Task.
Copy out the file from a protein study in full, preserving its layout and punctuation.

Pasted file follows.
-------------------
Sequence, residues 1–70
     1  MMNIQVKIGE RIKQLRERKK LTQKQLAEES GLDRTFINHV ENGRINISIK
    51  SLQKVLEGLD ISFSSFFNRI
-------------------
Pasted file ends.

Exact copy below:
Sequence, residues 1–70
     1  MMNIQVKIGE RIKQLRERKK LTQKQLAEES GLDRTFINHV ENGRINISIK
    51  SLQKVLEGLD ISFSSFFNRI